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My dad has dementia and has lived in a memory care facility for over 2 years. He is frail, beginning to have trouble walking, and is almost non-verbal. When of sound mind, he filled out DNR paperwork and made it clear to me he would not want to live beyond "quality of life". He even spoke of suicide/assisted suicide. He always said he would not like to end up like his mother, who spent her last years bedridden with advanced dementia.


Dad is 81. Lately there has been some discussion about him possibly needing a pacemaker. My reaction has been "No". If his body winds down naturally and he dies a peaceful death, I think that is what he would have wanted.


Part of why he was moved to memory care is that my alcoholic mother refused to care for him and said he was "not her responsibility" after 50 years of marriage. She has verbally abused him and has said many times he would be better off dead, she wishes he were dead, etc. I am generally the one that nursing staff looks to for dad's needs, although technically mom is first in line as POA. Mostly she is AWOL :(


This morning we briefly discussed the pacemaker issue and she says her answer is "Yes" to the pacemaker, if that is what the doctor's suggest.


OK: Thoughts from the Forum about pacemakers, Please!.....

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My husband is 61 and had a pacemaker installed on July 4th. It's not done "outpatient" at all, and for him, at least, required a 3 day hospital stay. Surgery is performed by an electrocardiologist, lasts approx 2 hrs and is done under local anesthesia and an iv sedative. A 2" incision is made below the shoulder where the bra strap lies, on the non dominant hand side of the body. A silver dollar sized unit is placed just under the skin at that point, with wires leading directly into the heart. Possible complications include heart or lung puncture during the surgery, with death being a rarity. The battery lasts 14 years. Dissolvable stitches are sewn at the site and tape is placed over the incision which must remain for 2 weeks when it will be removed at the follow up pacer clinic appointment. No shower for 1 week, no driving or lifting affected arm over the heart for 2 weeks, no lifting over 10 lbs for 2 weeks. There is soreness at the site but not a lot of real pain. Possible complications include infection of the incision. The PM has a unit which is plugged in at home and transmits info directly to the pacer clinic for monitoring. When the unit triggers, my husband feels what he calls anxiety, or a bit of heart racing for about 15 seconds. Everyone has a different degree of sensitivity in reaction to the unit triggering, with some feeling nothing at all. At hospice time, there can be issues with passing unless the unit is turned off. My cousin had to use a magnet when her dad was passing, and had a truly horrifying story to share on the subject. Google hospice and pacemakers for more details.
There are many follow up appointments after the surgery to consider as well. If my mother with dementia at 92 were to be faced with getting one, I'd refuse. Prolonging her life when the quality of it is shot seems like a silly option at this point. All we do is go back and forth to ERs, hospitals and rehab as it is, nevermind adding ANOTHER issue into the mess. Again today she asked Why Am I Here ?after taking yet ANOTHER fall this week. She's already in a wheelchair and suffering several other chronic health issues in addition to dementia and living in memory care. There are people here who will insist that EVERY medical intervention should DEFINITELY be taken to prolong your mother's life for even ONE more day. I question the compassion of that logic and challenge the notion of it having anything to do with love, but being a fear based reaction instead. Sometimes love means knowing when to let our parents rest in peace and THAT is a true act of love. And faith prevents us from making fear based decisions because we know that life, in reality, is eternal.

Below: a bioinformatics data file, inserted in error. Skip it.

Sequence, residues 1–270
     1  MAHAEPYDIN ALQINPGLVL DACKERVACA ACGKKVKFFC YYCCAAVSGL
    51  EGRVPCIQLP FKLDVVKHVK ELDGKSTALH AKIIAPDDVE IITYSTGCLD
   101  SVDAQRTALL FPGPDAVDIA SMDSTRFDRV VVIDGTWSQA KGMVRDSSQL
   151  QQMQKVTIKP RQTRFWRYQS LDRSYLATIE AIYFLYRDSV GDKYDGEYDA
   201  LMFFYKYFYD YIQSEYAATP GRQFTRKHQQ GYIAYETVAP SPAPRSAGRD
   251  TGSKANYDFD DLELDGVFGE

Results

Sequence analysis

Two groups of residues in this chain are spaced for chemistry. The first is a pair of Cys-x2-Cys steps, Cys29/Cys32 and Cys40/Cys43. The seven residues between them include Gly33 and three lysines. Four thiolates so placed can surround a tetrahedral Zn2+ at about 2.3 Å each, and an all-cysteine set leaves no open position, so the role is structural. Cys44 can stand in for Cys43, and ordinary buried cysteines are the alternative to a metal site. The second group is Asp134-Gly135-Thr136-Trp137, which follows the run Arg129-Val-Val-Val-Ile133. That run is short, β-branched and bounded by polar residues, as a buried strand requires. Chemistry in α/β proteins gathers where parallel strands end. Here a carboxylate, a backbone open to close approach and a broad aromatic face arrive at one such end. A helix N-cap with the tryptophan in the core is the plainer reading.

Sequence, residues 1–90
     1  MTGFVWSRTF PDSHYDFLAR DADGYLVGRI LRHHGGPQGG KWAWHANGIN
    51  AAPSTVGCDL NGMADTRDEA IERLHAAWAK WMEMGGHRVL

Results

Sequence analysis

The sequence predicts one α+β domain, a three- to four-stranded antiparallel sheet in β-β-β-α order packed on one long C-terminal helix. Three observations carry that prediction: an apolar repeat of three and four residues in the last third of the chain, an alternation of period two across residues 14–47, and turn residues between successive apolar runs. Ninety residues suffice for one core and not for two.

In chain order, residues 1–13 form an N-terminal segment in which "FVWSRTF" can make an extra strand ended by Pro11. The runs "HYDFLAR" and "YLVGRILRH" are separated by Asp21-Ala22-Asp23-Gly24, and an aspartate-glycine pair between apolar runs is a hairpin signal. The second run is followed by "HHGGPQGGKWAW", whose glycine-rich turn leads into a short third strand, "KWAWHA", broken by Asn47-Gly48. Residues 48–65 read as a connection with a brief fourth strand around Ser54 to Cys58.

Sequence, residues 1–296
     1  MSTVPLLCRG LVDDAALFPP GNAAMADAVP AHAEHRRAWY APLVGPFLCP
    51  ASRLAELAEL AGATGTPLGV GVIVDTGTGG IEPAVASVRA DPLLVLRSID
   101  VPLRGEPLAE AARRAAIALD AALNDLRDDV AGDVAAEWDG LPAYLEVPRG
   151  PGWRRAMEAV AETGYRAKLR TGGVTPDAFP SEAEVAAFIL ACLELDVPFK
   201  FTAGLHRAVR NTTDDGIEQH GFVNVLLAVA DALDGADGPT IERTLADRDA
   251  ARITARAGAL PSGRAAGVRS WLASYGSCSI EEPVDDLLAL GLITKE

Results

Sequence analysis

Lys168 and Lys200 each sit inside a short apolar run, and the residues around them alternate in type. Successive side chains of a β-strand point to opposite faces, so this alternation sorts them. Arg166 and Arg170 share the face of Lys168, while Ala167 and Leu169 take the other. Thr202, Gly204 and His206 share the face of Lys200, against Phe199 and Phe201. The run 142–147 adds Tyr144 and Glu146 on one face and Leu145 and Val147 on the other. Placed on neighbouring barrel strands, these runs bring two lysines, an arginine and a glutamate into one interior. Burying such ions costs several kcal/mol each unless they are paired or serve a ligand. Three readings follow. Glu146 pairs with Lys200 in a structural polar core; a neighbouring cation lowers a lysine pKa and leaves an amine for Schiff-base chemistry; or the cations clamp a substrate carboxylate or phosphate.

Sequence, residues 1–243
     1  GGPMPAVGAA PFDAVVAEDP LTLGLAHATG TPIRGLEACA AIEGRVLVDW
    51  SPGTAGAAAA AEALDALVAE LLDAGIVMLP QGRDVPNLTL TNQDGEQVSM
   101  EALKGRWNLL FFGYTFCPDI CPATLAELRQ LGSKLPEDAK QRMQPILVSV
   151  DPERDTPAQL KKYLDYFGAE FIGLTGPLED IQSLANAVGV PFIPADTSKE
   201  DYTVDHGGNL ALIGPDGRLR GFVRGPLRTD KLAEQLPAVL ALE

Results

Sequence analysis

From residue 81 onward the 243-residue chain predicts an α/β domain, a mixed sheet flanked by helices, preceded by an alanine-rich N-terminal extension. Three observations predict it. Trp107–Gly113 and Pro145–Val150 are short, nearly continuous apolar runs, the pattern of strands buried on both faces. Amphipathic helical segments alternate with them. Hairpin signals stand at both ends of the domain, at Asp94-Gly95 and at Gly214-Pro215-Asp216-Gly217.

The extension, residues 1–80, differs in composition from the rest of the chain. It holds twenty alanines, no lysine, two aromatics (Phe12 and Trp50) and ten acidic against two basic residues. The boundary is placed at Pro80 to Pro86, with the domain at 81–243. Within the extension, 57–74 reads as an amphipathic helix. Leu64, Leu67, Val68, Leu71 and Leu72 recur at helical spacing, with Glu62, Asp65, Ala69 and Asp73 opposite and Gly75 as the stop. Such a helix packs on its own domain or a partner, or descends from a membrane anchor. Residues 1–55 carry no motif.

Wishing you good luck and Godspeed with your decision, my friend. All the best
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gdaughter Jul 13, 2019
Whoa. I think we have to take into consideration that each area of the country, each medical center and even between practitioners the care guidelines may differ and may vary as well based on how the patient is doing...my dad, who got one at age 100 (and by the way, they were developed in Canada and July 1 is Canada Day!) had minimal follow up appts and did very well. At one appt the great pacemaker nurses were a little concerned about some redness at the site and they took a picture to share with the surgeon to decide what to do (at his age, as a precaution, they put him on some antibiotic, but he was fine). Also be aware that with the remote monitoring units, there had been a concern about "hacking" but I think that has all been resolved. One does not have to use that...but it alleviates more frequent trips to MD appts, if that is what they want. Also there are as mentioned, differences between patients...
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Definitely not. The anaesthetic will most likely make his Dementia much worse with probable dilerium. I think it’s very wrong and can’t believe it has been suggested.
Your father made it very clear what he wants. Time to speak to doctors about your mother’s alcoholism and just kick up a stink. Time for an argument with your mother Do you think she knows this will hasten his end? Can you go to the home administrator? Just keep making as much noise as possible till they give it up
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gdaughter Jul 13, 2019
I'm beginning to sense that the amount of anesthetic used is minimal for those up in years...and that in itself, to me, may be reason enough to say no because the pain may be felt as it was by my dad.
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Absolutely not! Eighty-one isn't terribly old, but if he's already in memory care you know it's only going to get worse. I read a book, unfortunately I've forgotten the title, by a daughter who took care of her parents. Her mother died from the exertions of taking care of a much larger husband so the daughter took over his care. When a doctor recommended a pacemaker she acquiesced. Later she found that her father's mind was completely going, but his heart was going to keep beating. It did for too many years. He had no quality-of-life, and her life was a misery of caretaking. I have said no to that for my husband with dementia.
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TXGirl82 Jul 14, 2019
The book sounds very similar to Knocking on Heaven's Door by Katie Butler, though Ms. Butler's mother did survive caring for her husband. Being a caregiver had compromised her mother's health and her mom made completely different choices about medical care in her old age, choosing palliative care rather than interventions (such as heart valve repair with its stroke risks) and died lucid and as in control as one can be to the end.